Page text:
AMD HPC EPYC 7742 Benchmarks: Utterly Annihilates The Intel Xeon Platinum 8280 At Roughly 1/3 The Price
We recently published slides from a now-deleted HPC presentation that showcased some interesting facts about AMD's upcoming Zen 3 Milan platform and while that was informative, it wasn't the full picture. As it turns out, however, Planet3DNow has managed to get their hands on the complete set and there are a few more choice slides in here.
AMD's EPYC 7742 CPU provides up to five times the performance per $ of Intel's Xeon Platinum 8280 (2SP)
Let's start with the SpecIntRate_2017_rate_base figures. This is one of the more well-known performance estimates for high-performance computing and is a category that has historically been dominated by Intel. Intel's Cascade Lake-based Intel Xeon 8280 scores 359 points here. It is worth noting here that this is a dual-socket system at 28 cores each for a total of 56 cores. AMD's EPYC 7742 64-core processor on the other hand scores 654 points. This is roughly twice the performance of the Intel counterpart and if you think this is impressive, wait till you consider the pricing implications.
AMD's first-generation fo EPYC was great but it was lacking in the HPC department and Intel was still arguably justified in charging a premium. The Rome CPU, however, puts an irrevocable end to that. Not only is it faster in HPC by a long shot, but AMD has still managed to retain its consumer-friendly pricing. The end result? You are looking at a CPU worth $6,950 beating out a $20,000 system. If you translate this to a performance per dollar figure, you are looking at a 5.2x lead for the AMD part! That is absolutely insane and I am willing to wager whatever TCO (total cost of ownership) model you use, this is going to be a significant factor.
We see a somewhat similar situation in the GROMACS ARCHERII benchmark where the cascade lake 8280 setup achieves 4.498 nanoseconds per day while the EPYC 7742 scores 6.329 nanoseconds per day. This is a pretty huge speed up and something that is further expounded by the differential in price.
Most HPC decisions are made using performance per dollar and Total Cost of Ownership (TCO) which includes ancillary costs like cooling, power consumption, ecosystem costs etc. While Intel has historically had better TDPs, this pretty much goes out of the window here because 2x Xeons will always consume more power than AMD counterparts. The solution is to go towards Intel's AP based SKUs that will offer equivalent performance in a single package. The downside? those are even more expensive than these ones!
The AMD EPYC Milan processors will succeed the current EPYC Rome lineup. The fundamental change for the EPYC Milan lineup will be the new Zen 3 core architecture which will be based upon a 7nm+ process node. From what we know and what AMD has officially shown, the AMD Zen 3 based EPYC Milan processors will focus primarily on performance per watt enhancements but that doesn’t mean we won’t be looking at core updates. While performance per watt is at the core of Zen 3 cores, they would also deliver an uplift to overall performance as stated by AMD’s CTO, Mark Papermaster.
AMD has shown that unlike Zen 2 which has 16 MB of L3 cache per CCX within a CCD, Zen 3 would feature a shared cache (32 MB+) for each die. This would allow all cores to share the entirety of the L3 cache available on the die rather than each CCX having its smaller and separate cache shared among the cores. This may also be a potential confirmation of Milan offering 8 Zen 3 cores within a single CCX. AMD also confirmed that they are currently sampling the first Milan CPUs which is fantastic news for customers awaiting the chips in 2020.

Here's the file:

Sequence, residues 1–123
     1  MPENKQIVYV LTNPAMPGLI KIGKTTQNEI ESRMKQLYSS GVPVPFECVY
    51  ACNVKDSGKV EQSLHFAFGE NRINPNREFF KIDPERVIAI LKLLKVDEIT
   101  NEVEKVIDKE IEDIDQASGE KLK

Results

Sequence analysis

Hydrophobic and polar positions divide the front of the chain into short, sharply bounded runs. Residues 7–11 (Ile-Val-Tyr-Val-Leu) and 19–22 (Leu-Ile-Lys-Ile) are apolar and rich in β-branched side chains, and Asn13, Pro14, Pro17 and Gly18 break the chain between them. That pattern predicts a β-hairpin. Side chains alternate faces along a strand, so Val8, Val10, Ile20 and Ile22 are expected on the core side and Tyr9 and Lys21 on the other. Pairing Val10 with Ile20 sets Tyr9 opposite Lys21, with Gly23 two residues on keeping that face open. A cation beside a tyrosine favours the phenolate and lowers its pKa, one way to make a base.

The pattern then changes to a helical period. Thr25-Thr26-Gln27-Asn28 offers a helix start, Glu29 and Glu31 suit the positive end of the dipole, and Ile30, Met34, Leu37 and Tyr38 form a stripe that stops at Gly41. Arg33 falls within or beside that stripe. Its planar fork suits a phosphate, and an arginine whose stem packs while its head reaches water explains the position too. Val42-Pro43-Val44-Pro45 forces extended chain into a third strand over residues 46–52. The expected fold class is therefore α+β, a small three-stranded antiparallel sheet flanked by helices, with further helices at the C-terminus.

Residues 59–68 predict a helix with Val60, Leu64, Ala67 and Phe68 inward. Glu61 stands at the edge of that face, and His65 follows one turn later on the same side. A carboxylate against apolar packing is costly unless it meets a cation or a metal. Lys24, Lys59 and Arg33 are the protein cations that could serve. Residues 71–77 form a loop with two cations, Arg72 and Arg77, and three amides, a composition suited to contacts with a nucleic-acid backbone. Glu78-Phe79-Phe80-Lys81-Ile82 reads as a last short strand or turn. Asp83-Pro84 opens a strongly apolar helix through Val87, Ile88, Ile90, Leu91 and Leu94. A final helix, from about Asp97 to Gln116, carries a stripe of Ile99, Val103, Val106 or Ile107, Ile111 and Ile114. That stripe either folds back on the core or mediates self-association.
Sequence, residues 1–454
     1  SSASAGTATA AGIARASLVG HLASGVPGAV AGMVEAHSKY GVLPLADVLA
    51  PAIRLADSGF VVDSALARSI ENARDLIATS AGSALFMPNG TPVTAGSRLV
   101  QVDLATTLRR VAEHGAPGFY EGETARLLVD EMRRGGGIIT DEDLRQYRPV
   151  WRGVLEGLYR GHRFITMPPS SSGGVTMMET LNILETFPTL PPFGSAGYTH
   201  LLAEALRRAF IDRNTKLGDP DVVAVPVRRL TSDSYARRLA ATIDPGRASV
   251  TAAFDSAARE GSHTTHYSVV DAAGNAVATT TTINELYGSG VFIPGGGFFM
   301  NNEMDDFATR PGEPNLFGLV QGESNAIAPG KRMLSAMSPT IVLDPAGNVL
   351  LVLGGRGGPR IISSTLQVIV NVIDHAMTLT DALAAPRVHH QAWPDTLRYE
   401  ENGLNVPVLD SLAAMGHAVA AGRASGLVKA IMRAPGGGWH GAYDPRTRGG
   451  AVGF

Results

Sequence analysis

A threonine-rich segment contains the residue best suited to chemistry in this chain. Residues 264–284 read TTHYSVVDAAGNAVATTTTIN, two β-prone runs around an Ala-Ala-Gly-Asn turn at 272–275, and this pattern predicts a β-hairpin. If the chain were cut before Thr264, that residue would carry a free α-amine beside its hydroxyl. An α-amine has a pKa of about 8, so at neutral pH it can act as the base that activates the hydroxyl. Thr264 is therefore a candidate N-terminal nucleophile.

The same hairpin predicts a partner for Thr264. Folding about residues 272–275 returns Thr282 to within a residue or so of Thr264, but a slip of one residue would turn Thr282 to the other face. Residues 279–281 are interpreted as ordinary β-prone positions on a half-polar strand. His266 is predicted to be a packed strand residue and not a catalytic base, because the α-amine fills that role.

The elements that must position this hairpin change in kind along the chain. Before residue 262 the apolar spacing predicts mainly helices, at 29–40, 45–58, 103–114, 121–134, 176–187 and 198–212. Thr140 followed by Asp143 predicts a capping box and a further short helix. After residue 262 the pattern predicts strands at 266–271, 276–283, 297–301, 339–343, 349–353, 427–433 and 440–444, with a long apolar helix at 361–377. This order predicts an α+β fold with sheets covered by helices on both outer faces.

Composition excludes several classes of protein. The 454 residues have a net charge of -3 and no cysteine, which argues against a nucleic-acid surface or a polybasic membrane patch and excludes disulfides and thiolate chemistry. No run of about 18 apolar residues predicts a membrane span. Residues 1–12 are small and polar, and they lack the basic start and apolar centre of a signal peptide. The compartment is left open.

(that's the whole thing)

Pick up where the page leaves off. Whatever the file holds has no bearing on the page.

There had been some speculation involving SMT4, but we have seen nothing to that effect in these slides. Then again, our sources have told us there is a 15 die variant of Milan and we didn't see anything about that in these either, so who knows. Needless to say things are starting to get very heated up in the x86 space and unless I am very much mistaken, price cuts from Intel for their Xeon parts are in order (if they want to return the market place to normalcy).
AMD CPU Roadmap (2017-2022)
|Architecture||Zen (1)||Zen (1) / Zen+||Zen (2) / Zen+||Zen (3) / Zen 2||Zen (3) / Zen 3 (+)||Zen (4) / Zen 3 (+)||Zen (4)||Zen (4) / Zen (5)|
|Process Node||14nm||14nm / 12nm||7nm||7nm||7nm||5nm / 6nm||5nm||5nm / 3nm|
|Server||EPYC 'Naples'||EPYC 'Naples'||EPYC 'Rome'||EPYC 'Rome'||EPYC 'Milan'||EPYC 'Genoa'||TBD||TBD|
|Max Server Cores / Threads||32/64||32/64||64/128||64/128||64/128||TBD||TBD||TBD|
|High End Desktop||Ryzen Threadripper 1000 Series (White Haven)||Ryzen Threadripper 2000 Series (Coflax)||Ryzen Threadripper 3000 Series (Castle Peak)||Ryzen Threadripper 3000 Series (Castle Peak)||Ryzen Threadripper 5000 Series (Chagall)||Ryzen Threadripper 6000 Series||Ryzen Threadripper 7000 Series||Ryzen Threadripper 8000 Series|
|Ryzen Family||Ryzen 1000 Series||Ryzen 2000 Series||Ryzen 3000 Series||Ryzen 4000/5000 Series||Ryzen 5000 Series||Ryzen 6000 Series||Ryzen 7000 Series||Ryzen 8000 Series|
|Max HEDT Cores / Threads||16/32||32/64||64/128||64/128||64/128||TBD||TBD||TBD|
|Mainstream Desktop||Ryzen 1000 Series (Summit Ridge)||Ryzen 2000 Series (Pinnacle Ridge)||Ryzen 3000 Series (Matisse)||Ryzen 5000 Series (Vermeer)||Ryzen 5000/6000 Series (Warhol)||Ryzen 6000/7000 Series (Raphael)||TBD||TBD|
|Max Mainstream Cores / Threads||8/16||8/16||16/32||16/32||16/32||16/32||TBD||TBD|
|Budget APU||N/A||Ryzen 2000 Series (Raven Ridge)||Ryzen 3000 Series (Picasso Zen+)||Ryzen 4000 Series (Renoir Zen 2)||Ryzen 5000 Series (Cezanne Zen 3)||Ryzen 6000 Series (Rembrandt Zen 3+)||Ryzen 7000 Series (Phoenix Zen 4)||Ryzen 8000 (Strix Point Zen 5)|